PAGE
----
The Critical-CH header can trigger a request re-try. It's for situations
where the browser could be unaware of the site's CH preferences (like the
first navigation request to a site before the browser has received and
stored CH preferences) or if a site has changed those references, and the
site would rather drop the request and retry over getting a potentially
"incomplete" request

This would *not* override potential mitigations or reductions in
fingerprinting surfaces imposed by the browser. Any headers that would be
blocked would still be silently dropped.

(cc davidben, mjs who I forgot to CC the first time)

On Thu, Jan 28, 2021 at 9:35 PM Ryosuke Niwa <> wrote:

> What's the point of specifying Critical-CH as opposed to relying on CH
> provided by the browser?
> Is the idea that some browsers may decide to hide some client hints to
> reduce the fingerprinting surface?
> If so, then this new header seems to just defeat that because a website
> can specify all the client hints as critical.
> - R. Niwa
> On Wed, Jan 27, 2021 at 4:40 AM Aaron Tagliaboschi via webkit-dev <
>> wrote:
>> Explainer:
>> Draft Spec:
>> The Client Hint Reliability proposal is a set of features aimed at making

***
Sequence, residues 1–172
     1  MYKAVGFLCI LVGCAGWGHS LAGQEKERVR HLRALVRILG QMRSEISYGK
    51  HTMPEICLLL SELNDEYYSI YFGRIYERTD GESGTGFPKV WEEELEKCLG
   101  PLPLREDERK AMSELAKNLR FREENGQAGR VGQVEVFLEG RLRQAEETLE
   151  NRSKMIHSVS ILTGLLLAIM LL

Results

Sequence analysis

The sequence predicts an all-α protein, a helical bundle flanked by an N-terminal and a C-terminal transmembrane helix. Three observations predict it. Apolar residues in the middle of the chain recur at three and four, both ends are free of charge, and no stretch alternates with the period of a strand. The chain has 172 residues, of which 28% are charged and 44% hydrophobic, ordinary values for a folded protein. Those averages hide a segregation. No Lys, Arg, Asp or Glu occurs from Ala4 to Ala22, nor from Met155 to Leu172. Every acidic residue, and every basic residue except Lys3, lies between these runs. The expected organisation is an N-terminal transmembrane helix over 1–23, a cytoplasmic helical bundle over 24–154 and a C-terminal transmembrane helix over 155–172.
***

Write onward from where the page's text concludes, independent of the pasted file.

>> Client Hints
>> <> more
>> reliably available and mitigating
>> mis-matches between a site's preferences and the preferences stored in
>> the browser. The idea
>> behind the Critical-CH response header is to signal to browsers that
>> there are hints the server
>> would rather pay a round trip than not have not the first request. The
>> basic algorithm is as follows:
>> If, after receiving a request with Critical-CH and Accept-CH headers,
>> there is a hint indicated in
>> the Critical-CH header that the browser did not send but would not block
>> sending, the browser
>> should store the new CH preferences, drop the request, and start a new
>> one with the new
>> headers included.
>> Aaron Tagliaboschi | Software Engineer, Chrome Trust & Safety
>> _______________________________________________
>> webkit-dev mailing list
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